David Bowie, you’re sorely missed.

This is the piece I wrote shortly after his death six years ago. It was longlisted for the Fish Short Memoir Prize.

Ashes to Ashes
Dead things come in threes. Monday, it had been David Bowie; Thursday Alan Rickman, then on the Friday morning…
Like I did every day, soon after 8am I put the dog on his lead and opened the front door; there at the top of the steps to the front gate was a dead cat. I knew it was dead the moment I saw it. I nudged the dog back in the house, found a suitable box and placed the cat in it, and then put the box in the safety of the garage while we sorted out what to do next.
I’d had David Bowie in my head all that week. I was pole-axed by his death, and the whole day passed in a cotton-wool smudge of Bowie records, memories and introspection. The poor cat put me right back there, and made me think of the Bowie theme song to Cat People. The film may not have been an Oscar contender, but the song was good, written with disco legend Giorgio Moroder. Cat People. A movie full of cats and dead people. People and dead cats.
I discovered Bowie when I was fourteen. As a young teenager I was rather pompous (not for the last time, I hear you say), and had decided pop music was something that I should grow out of. I was dismissive of my younger brother’s interest, and was attempting to convince myself that now I preferred classical music. All that changed the first time I heard that riff pumping out of the car radio on the way to school. Der-der-der duh-duh-duh, der-der-der duh-duh-duh. The Jean Genie, let yourself go! And I did.
From that moment on, I was a Bowie Freak. That’s what we called ourselves, not Bowie fans. We were freaks, and proud of it. “Are you a Bowie freak?” “Yeah, are you?” “Yeah.” That was it. Friends for life. As the comedian Bob Mortimer’s been saying for a while, if you want to know if it’s worth continuing a conversation with someone at a party, just ask them if they like Bowie. If they don’t, walk away.
I was too young to have seen Ziggy Stardust live, but I set about buying the back catalogue (even the re-released ‘Images 1966-67’ with Antony Newley-esque songs like the excruciating Laughing Gnome) and immersing myself in everything Bowie. I tried to look like him too, as far as school rules permitted. We weren’t allowed to dye our hair, but I washed it in henna every day, which gave it a vague red tinge you could just about spot in bright sunlight. I went for the feather cut, growing it as long at the back as I could get away with. I tried to make the top and front stick up, but I never achieved David’s spiky heights. I wore black platform shoes under my voluminous grey flannel flares. I was so skinny I nearly blew over in the wind at the best of times; with my four inch heels I was a safety hazard. We had to wear a white shirt and tie, but my shirts had massive collars and my ties were all pinks, purples and oranges, tied in a double knot.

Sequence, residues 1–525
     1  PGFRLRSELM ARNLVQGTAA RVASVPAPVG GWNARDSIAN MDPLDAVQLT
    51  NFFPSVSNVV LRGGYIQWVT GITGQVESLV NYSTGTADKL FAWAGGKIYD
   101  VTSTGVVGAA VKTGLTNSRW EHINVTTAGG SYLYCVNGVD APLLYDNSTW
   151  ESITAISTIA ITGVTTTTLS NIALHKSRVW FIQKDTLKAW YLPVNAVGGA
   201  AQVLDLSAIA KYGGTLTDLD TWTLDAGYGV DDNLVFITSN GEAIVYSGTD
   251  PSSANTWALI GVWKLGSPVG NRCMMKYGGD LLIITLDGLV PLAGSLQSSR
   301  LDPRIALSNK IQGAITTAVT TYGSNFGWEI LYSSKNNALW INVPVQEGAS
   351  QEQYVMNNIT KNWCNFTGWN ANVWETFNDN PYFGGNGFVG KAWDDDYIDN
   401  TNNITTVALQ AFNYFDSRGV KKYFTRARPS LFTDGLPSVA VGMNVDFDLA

One school holidays, I bought the single Rebel Rebel. It was to feature on Diamond Dogs, but the album hadn’t come out yet. My brother bought Pink Floyd’s Dark Side of the Moon at the same time. We shared a bedroom and had a cheapo copy Dansette record player. A big red case with the amplifier in the bottom; it opened up to reveal the record deck and the top divided into two loudspeakers. One turntable, two new records – it was war. I was the bigger, older brother so I won, and the Rebel riff rang out from the feeble speakers – “You’re not sure if you’re a boy or a girl”.
But I had discovered the person I wanted to be. If not myself, Bowie wasn’t a bad option. It came at a handy point in my life. I was starting to fancy girls, but I just didn’t have a clue what to do. Okay, that’s from a song by contemporaries The Sweet, not David Bowie. But as he was for a lot of adolescents growing up discovering their sexuality, Bowie was there for me. I got some stick from the other boys but it was nothing compared to the bullying I’d had at prep school, and if anything I took pride in doing the peacock strut and being noticed. It was all OK, because I was going to be a rock and roll star, and David the Starman, waiting in the sky, was watching over me. They even gave me the nickname ‘Mini Bowie’ for a while; that was just fine.
Like a lot of Bowie fans, I was devastated when David killed off Ziggy Stardust, or as he put it in the song lyrics, when the kids had killed the man and he had to break up the band. And my desolation turned to horror when Bowie re-emerged as a white soul boy in his Young Americans phase. How could he do that? We were the freaks, the androgynous glamrockers, white and pale? But it was Bowie. He still looked amazing, fusing Hamlet and Major Tom as he sat up in a crane wearing an ermine cape and holding a skull in one hand, the mike in the other. So we bought the record. And of course we grew to love it, and all night, we were the Young Americans, until it was time to be The Thin White Duke. Or the Man Who Fell to Earth – he could act, as well! We thought so anyway, although it’s true he didn’t have to stretch too far to play the alien.